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ARTICLE |

Endoscopy in Massive Gastrointestinal Tract Bleeding

STEPHEN E. HEDBERG, MD
Arch Surg. 1974;108(1):123. doi:10.1001/archsurg.1974.01350250109030.
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To the Editor.—As one of those who for years has beat the distant drum of emergency endoscopy in massive gastrointestinal tract bleeding, it was with surprise and pleasure that I read "Massive Gastrointestinal Bleeding: A Panel by Correspondence" by Dunphy et al (Arch Surg 107:367-372, 1973). From Silen's, "endoscopy is now becoming the most useful single diagnostic step"; through Moody's, "fiberendoscopy of the esophagus, stomach, and duodenum is the most single [sic] valuable step"; and Mikkelsen's, "Once again, endoscopy becomes the key to diagnosis"; to Dunphy's concluding, "we have been brought up to date... particularly on the new and important roles of fiberoptic endoscopy in upper gastrointestinal tract bleeding"; the panelists appear to believe they are calling attention to an important innovation. Important, yes; but new?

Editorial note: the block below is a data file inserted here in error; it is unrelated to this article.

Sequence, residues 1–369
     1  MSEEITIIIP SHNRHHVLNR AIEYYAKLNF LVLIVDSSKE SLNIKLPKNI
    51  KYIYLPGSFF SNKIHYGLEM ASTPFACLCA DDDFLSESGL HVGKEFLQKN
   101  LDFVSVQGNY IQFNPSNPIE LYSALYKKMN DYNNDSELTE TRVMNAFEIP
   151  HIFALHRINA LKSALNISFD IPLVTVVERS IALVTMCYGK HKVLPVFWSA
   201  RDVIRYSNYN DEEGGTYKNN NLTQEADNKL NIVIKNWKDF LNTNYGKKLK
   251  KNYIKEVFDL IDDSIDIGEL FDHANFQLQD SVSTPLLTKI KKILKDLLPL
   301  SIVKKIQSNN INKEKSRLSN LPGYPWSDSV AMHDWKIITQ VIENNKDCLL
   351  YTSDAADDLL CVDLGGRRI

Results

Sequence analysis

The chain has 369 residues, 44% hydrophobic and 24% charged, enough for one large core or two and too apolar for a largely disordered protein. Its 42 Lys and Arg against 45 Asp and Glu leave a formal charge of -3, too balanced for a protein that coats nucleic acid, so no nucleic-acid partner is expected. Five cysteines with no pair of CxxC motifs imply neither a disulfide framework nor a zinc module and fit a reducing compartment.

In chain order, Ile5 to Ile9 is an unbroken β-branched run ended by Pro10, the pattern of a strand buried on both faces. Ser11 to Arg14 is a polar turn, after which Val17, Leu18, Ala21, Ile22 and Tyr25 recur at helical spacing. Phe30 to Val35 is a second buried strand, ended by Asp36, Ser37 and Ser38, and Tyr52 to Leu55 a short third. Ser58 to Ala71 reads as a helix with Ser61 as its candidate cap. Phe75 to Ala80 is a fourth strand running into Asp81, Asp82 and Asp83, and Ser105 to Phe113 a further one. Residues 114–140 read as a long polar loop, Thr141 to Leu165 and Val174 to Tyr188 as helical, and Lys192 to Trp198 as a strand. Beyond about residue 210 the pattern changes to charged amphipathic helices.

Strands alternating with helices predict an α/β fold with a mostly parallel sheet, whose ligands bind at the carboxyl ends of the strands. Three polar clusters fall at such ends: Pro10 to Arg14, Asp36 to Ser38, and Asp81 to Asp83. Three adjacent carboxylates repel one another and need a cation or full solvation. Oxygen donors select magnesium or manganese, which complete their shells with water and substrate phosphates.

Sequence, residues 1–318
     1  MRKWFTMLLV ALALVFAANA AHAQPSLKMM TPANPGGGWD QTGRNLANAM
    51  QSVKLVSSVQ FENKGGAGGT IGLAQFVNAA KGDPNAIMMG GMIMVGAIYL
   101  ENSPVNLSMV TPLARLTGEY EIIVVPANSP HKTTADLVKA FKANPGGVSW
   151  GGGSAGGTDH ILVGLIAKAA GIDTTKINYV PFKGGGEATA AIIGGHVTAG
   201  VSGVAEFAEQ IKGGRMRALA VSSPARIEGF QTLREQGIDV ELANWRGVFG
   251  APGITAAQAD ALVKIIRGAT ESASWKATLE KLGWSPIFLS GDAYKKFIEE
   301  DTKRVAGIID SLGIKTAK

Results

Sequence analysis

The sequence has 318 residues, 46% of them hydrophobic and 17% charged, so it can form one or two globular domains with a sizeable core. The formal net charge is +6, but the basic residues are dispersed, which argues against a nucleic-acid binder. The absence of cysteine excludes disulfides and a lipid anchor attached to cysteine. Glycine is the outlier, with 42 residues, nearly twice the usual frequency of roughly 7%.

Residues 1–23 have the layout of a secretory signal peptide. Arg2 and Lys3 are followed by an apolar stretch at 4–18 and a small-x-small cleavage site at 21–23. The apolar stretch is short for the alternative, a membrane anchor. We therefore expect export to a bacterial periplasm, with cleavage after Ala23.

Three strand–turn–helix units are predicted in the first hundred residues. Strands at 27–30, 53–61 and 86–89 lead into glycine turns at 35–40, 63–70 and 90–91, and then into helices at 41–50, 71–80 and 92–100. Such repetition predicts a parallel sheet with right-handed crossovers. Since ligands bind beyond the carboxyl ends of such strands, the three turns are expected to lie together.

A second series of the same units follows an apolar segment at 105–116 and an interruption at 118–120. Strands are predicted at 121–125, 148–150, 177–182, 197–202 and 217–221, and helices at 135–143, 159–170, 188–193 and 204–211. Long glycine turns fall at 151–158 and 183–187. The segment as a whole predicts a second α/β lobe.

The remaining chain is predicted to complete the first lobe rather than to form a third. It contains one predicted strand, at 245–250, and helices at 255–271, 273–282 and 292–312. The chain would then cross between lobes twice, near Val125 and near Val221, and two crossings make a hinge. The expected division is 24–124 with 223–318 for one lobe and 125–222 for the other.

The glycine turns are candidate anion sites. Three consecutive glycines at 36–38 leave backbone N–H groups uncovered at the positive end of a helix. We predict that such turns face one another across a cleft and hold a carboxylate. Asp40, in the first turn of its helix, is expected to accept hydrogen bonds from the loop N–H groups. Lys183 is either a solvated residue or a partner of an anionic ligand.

Following long after Eddy Palmer's pioneering work,1 in 1966 we reported a series of 323 cases seen at the Massachusetts General Hospital

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